Monday, May 01, 2006

(East Timor Problems) May Day in Dili

Today we came to Daniel’s work to check emails and upload new blog posts. We again walked down our little street and noticed that although a few more of our neighbours had returned home, the place was still rather quiet. We decided to walk along the main road so that we could take photos of the burned down coffee sellers houses before catching a mikrolete into town. The road was quite busy, a noticeable change from yesterday. The mikrolete driver and conductor told us that the fare would be 20c each as the price of petrol had risen to $1 a litre. We thought nothing of this as this is the official fare set by the government that we tend to pay regardless. However, we have noticed that the mikrolete drivers and conductors often only charge 10c if the price of petrol is reasonable. Some other passengers were less pleased and a few kids were refused a ride because they didn’t have the extra fare.

The talk amongst passengers was about how, even though few people had experienced violence, large numbers of people who had left their homes to seek shelter had been robbed in their absence. This also happened during the tsunami scare early last year. It is just appalling how some people will take advantage of others in times of fear!

Upon disembarking, I again tried to buy a telephone card from a young man confined to a wheelchair who appears to have no legs. Again, he wanted $11 so I said I would wait. Daniel thought we could have considered the extra dollar as a donation, but I remain opposed to these particular market forces, verging too near opportunism for my liking.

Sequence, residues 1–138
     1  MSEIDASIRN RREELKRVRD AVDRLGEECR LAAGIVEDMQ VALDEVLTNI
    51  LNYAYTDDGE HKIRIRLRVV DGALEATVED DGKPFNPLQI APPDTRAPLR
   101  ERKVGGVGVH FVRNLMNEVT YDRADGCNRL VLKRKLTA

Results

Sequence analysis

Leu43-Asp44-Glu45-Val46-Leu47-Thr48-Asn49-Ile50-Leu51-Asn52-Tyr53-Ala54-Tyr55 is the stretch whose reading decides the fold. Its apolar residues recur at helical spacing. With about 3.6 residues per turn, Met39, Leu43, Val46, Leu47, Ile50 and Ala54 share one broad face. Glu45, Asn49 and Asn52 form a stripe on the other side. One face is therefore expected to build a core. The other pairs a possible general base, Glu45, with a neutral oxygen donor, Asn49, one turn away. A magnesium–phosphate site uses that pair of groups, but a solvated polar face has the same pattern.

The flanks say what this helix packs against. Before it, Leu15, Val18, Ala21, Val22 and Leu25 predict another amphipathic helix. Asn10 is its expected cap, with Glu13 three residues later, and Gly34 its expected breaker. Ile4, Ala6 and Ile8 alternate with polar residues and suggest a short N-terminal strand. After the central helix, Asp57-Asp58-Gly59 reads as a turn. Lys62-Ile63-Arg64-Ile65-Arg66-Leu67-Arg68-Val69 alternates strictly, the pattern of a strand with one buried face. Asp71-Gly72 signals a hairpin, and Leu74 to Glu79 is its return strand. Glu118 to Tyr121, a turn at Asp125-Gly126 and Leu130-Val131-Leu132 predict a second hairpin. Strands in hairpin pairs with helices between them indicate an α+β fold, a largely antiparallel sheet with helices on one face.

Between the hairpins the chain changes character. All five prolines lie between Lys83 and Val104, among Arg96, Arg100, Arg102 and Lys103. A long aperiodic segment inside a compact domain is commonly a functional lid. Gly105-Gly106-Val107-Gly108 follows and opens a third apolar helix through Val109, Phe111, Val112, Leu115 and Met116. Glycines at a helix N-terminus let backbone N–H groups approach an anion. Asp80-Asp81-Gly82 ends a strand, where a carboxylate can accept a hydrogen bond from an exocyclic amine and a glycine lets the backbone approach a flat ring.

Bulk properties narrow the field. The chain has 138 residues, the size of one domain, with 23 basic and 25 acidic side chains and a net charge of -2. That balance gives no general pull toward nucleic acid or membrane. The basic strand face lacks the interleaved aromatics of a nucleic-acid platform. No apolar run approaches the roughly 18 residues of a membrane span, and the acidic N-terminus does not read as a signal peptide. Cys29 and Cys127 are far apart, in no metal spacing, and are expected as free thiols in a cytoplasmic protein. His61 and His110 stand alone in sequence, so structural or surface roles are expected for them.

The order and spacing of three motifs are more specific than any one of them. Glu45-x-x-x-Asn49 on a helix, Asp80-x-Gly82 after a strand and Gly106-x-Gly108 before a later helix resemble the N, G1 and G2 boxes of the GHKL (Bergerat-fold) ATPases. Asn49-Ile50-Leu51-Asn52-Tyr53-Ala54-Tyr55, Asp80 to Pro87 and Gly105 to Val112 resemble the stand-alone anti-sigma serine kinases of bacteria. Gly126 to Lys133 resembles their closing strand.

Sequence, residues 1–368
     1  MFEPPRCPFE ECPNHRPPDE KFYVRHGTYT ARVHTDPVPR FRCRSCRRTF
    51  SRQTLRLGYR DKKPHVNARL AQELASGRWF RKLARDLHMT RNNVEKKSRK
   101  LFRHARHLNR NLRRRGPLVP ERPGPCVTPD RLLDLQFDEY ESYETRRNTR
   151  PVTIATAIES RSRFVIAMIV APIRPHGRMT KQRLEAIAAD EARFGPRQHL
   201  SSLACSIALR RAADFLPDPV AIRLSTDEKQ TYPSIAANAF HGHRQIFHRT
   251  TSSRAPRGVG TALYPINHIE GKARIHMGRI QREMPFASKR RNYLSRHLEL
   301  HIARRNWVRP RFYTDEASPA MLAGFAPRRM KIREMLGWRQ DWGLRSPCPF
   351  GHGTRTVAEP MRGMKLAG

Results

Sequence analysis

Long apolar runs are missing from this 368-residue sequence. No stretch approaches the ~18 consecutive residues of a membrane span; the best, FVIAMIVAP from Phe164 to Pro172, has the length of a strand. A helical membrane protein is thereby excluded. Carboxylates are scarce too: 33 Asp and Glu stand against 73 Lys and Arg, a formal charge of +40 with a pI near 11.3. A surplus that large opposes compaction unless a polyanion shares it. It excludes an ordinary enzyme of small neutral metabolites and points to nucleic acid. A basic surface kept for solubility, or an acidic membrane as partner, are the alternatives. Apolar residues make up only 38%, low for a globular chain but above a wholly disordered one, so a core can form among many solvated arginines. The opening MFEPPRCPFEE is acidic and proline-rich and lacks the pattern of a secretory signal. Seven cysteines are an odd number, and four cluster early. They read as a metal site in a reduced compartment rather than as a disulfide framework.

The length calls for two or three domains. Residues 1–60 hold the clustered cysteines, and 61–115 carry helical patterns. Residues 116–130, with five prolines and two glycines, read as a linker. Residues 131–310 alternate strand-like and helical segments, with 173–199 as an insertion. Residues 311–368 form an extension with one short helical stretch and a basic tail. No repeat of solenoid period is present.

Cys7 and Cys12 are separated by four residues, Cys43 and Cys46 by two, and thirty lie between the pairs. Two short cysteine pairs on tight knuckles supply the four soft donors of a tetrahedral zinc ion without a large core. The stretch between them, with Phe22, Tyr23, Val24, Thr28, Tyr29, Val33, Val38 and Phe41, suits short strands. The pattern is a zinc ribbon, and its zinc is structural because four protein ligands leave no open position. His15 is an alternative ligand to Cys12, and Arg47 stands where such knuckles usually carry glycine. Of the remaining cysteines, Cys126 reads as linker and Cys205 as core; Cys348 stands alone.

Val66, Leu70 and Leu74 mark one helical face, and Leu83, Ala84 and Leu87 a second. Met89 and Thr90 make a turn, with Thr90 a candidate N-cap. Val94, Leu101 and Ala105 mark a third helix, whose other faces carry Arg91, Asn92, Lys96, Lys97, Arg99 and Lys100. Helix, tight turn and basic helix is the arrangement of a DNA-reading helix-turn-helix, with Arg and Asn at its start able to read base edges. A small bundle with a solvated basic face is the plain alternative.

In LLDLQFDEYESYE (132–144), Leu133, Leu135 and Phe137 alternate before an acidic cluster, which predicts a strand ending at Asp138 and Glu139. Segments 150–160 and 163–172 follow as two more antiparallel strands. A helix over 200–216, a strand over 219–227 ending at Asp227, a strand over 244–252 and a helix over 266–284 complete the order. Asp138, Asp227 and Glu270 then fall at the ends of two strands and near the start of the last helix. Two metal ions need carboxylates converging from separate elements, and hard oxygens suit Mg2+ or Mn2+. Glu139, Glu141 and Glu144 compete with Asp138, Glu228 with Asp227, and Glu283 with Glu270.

Some of Daniel’s colleagues were at work despite it being a national holiday. Most of them asked how he was, given that he lived in a manas (hot) area.

When Daniel checked his email he was astonished to read a series of emails from one of his colleagues who had spent two nights sleeping at their workplace. His emails were to us extreme, but understandable given his past experiences. In the first email he said that this would probably be his last as he was in all likelihood going to die. Daniel and I had commented to each other that we were incredibly naïve when it came to violence perpetrated by one human being on another. We have been fortunate to live our lives in a safe and secure country, free of organised violence. Although we have felt tense and a little worried about what might happen, we certainly have not thought that things were as serious as many Timorese did.

We also have had the benefit of being in contact with both the Australian Embassy, the AVI Country Manager, Radio Australia, BBC World News Service and local television and radio which kept us informed as the situation developed. None of these media outlets reported anything as extreme as we heard on the rumour mill, which is how most Timorese obtain their news. However, their recent past has traumatised them to such an extent that any outbreak of violence, leads them to flee their homes in search of safety. Although not always visible on the outside, their scars run deep and (paradoxically perhaps) are never far from the surface.

Category: Timor-Leste (East Timor)

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